snap out of

snap out of something

Fig. to become suddenly freed from a condition. (The condition can be a depression, an illness, unconsciousness, etc.) I was very depressed for a week, but this morning I snapped out of it. It isn't often that a cold gets me down. Usually lean snap out of it quickly.
See also: of, out, snap

snap something out of something

 and snap something out
to remove something from something, causing an audible snap. Jeff snapped the plastic plug out of the socket. He snapped out the plug.
See also: of, out, snap

snap out of something

to stop experiencing something, esp. something unpleasant Davis snapped out of a two-year slump to win at the golf tournament.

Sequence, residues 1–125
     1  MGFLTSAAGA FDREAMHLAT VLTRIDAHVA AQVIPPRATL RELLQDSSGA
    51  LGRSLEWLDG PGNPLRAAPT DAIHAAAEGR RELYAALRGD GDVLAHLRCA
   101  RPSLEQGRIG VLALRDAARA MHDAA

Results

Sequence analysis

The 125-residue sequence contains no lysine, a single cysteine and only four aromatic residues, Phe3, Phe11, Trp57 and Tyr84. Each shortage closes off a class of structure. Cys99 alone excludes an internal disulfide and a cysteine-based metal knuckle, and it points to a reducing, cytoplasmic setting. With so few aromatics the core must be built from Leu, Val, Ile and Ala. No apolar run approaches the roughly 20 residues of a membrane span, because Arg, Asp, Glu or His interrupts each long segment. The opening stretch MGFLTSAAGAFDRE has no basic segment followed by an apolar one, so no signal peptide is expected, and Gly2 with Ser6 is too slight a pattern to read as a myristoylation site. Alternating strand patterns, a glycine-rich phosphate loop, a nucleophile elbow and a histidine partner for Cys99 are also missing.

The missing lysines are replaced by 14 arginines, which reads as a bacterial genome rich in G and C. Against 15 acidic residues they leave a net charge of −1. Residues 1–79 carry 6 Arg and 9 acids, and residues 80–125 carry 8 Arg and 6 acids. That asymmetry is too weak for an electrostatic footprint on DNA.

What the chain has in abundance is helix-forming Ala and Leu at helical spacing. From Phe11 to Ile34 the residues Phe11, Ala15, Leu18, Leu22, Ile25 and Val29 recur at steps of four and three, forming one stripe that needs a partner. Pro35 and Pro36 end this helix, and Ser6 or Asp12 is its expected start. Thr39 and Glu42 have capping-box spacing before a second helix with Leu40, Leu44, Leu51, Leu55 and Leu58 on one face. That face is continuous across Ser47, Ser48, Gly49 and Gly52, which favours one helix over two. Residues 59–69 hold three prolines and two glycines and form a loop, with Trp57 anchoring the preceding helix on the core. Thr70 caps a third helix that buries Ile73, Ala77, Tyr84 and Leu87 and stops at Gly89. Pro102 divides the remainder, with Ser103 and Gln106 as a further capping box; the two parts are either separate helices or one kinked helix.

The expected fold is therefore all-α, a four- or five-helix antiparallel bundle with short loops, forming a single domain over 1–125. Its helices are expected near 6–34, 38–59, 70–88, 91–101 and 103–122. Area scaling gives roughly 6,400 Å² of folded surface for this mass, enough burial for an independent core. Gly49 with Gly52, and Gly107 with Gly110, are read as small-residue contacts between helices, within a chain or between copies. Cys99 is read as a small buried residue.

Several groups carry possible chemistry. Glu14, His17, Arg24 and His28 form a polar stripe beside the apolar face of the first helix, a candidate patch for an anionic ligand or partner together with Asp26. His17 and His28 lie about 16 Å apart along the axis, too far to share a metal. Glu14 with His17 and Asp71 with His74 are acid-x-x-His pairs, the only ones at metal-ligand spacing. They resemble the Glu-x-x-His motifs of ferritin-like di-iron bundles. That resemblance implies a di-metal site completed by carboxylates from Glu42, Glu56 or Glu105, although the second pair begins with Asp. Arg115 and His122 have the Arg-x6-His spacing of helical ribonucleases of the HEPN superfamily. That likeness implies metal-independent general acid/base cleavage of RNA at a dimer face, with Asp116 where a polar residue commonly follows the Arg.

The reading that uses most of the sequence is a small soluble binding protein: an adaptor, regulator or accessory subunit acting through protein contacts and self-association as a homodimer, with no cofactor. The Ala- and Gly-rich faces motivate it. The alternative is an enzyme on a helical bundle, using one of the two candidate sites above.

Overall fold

Usage notes: usually used in the form snap out of it and sometimes given as advice: She's filled with grief, and just can't seem to snap out of it. Are you feeling guilty about not spending time with the kids? Well, snap out of it!
See also: of, out, snap

snap out of

Suddenly recover, as in You can't expect an entire economy to snap out of the doldrums overnight. This expression is also put as an imperative, Snap out of it! telling someone to return to his or her normal state of mind from an undesirable condition such as grief, self-pity, or depression; for example, Snap out of it, Stella; it's over and done with. [1920s]
See also: of, out, snap
References in periodicals archive ?
As Glaus endured his usual midsummer malaise, manager Mike Scioscia and hitting coach Mickey Hatcher preached patience, that eventually Glaus would snap out of it in a big way.
They're still waiting for veteran left-hander Jim Abbott to snap out of a 1-7 drought and are hoping rookie Shad Williams can contribute, but strong outings by Shawn Boskie and Mark Langston on Sunday lessened manager Marcel Lachemann's concerns considerably.